Item 11(b) of the application for insurance states:
"Unless otherwise stated herein, the automobile described in Item 5 is: * * * (b) solely owned by the insured, subject to the interest of any lienholder therein; * * *."
Appellant contends that the above paragraph was ambiguous in that no space was provided on the application for the owner to disclose the true state of affairs regarding ownership. In our reading of item 11(b), we find no such ambiguity.
Appellant further argues that even if the failure to disclose Dennis as a legal co-owner of the car was a misrepresentation, it was not material to the company's risk or made with an intent to deceive, and the liability should not be avoided therefor.
The option to avoid liability under an insurance policy on the basis of misrepresentation is governed by statute in Illinois. The Illinois Insurance Code (Ill. Rev. Stat. 1975, ch. 73, par. 766) relieves an insurance company of responsibility to pay a claim where there has been a misrepresentation under two circumstances:
"No misrepresentation or false warranty made by the insured or in his behalf in the negotiation for a policy of insurance, or breach of a condition of such policy shall defeat or avoid the policy or prevent its attaching unless such misrepresentation, false warranty or condition shall have been stated in the policy or endorsement or rider attached thereto, or in the written application therefor, of which a copy is attached to or endorsed on the policy, and made a part thereof. No such misrepresentation or false warranty shall defeat or avoid the policy unless it shall have been made with actual intent to deceive or materially affects either the acceptance of the risk or the hazard assumed by the company. This section shall not apply to policies of marine or transportation insurance." (Emphasis added.)
Appellant argues that the misrepresentation was not material to the company's risk in that Dennis did not own, possess and control the automobile. Appellant bases this argument on evidence that Dennis owned another car which he used to travel to and from work; he needed his father's permission to use the Ford; and he did not reside at his parents' home at the time of the accident.
The record reveals that Dennis was a regular user of the Ford in that during a period of 8 months he used the car an average of about 37 times. It is disputed as to whether he resided at home, since at the time his deposition was taken he said he lived with his parents; the summons was served at his parents' home; and his drivers license, issued August 15, 1977, more than 1 year after the accident, contained his parents' address.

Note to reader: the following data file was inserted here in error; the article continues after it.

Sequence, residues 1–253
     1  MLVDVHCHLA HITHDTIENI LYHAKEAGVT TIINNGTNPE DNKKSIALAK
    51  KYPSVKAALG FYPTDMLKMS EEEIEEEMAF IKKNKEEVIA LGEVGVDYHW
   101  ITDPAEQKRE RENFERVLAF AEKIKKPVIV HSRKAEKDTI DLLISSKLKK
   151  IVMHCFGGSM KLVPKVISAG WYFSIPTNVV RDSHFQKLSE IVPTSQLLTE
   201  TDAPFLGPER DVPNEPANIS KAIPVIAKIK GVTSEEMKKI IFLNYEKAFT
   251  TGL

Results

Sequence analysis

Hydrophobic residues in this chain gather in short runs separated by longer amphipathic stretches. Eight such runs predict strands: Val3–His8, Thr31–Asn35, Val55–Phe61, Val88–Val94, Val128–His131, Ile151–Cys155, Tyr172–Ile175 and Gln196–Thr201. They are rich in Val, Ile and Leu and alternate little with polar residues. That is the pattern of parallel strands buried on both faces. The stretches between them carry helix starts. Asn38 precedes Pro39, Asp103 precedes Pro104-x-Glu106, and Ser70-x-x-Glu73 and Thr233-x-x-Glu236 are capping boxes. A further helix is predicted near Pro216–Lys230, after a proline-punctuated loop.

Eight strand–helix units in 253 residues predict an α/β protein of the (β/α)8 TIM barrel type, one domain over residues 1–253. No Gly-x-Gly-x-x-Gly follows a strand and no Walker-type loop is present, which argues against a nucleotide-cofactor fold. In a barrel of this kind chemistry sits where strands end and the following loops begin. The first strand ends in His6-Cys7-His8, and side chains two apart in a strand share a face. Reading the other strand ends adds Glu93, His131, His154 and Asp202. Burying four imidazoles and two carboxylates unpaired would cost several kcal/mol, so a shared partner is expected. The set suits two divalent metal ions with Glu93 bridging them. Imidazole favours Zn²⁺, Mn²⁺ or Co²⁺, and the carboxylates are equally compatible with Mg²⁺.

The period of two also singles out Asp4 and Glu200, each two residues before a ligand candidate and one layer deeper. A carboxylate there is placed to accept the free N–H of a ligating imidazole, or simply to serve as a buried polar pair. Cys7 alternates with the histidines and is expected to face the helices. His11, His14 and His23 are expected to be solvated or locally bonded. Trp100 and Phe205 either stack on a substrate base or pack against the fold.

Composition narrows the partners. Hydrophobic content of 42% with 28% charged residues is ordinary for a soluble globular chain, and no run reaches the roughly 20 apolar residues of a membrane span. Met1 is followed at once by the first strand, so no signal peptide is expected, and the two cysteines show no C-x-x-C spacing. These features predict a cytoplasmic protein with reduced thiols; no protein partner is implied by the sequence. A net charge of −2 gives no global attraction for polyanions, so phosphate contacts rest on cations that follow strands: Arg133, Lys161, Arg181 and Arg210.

Appellee contends that the above facts, in addition to Frank Duran's statement that he and his wife would drive the car 100 percent of the time, were material misrepresentations, and we agree.
2 The misrepresentation as to the identity of the owner of a vehicle materially affects the risk and hazard assumed by the insurer. (Western States Mutual Automobile Insurance Co. v. May (1958), 18 Ill. App.2d 442, 452-53, 152 N.E.2d 608, 613-14.) When an insurance company issues an automobile liability policy, it has no knowledge of who may use the automobile with the permission of the owner and named insured, but it is a reasonable assumption that ordinarily the major use of the car will be the owner and the named insured. (Didlake v. Standard Ins. Co. (10th Cir. 1952), 195 F.2d 247, 251.) The test is, was the representation one which might reasonably have influenced the insurer in deciding whether to accept or reject a risk. (State Farm Mut. Auto. Ins. Co. v. Mossey (7th Cir. 1952), 195 F.2d 56, 60.) In May, in affirming a judgment of avoidance, the court stated:
"It is a matter of common knowledge that the rate frequency of accidents for drivers between the ages of sixteen and twenty-four is substantially greater than that for all drivers who are twenty-five years old or more. [Citation.] * * * This in turn determines the premium rate to be charged, the extent of coverage which the insurer is willing to underwrite and the restrictions it may impose as to the conditions under which it will assume the risk." (18 Ill. App.2d 442, 448.)
In Didlake, the court held:
"Where the application for insurance is made by the true owner and he is to be designated in the policy as the named insured, the insurance company, before issuing the policy, may investigate the age and other facts with respect to such owner which it deems important in determining whether to issue the policy, but where the fact with respect to ownership is misrepresented and the identity of the true owner is concealed with the purpose of obtaining coverage for the true owner under the omnibus clause, no such opportunity is present." 195 F.2d 247, 251.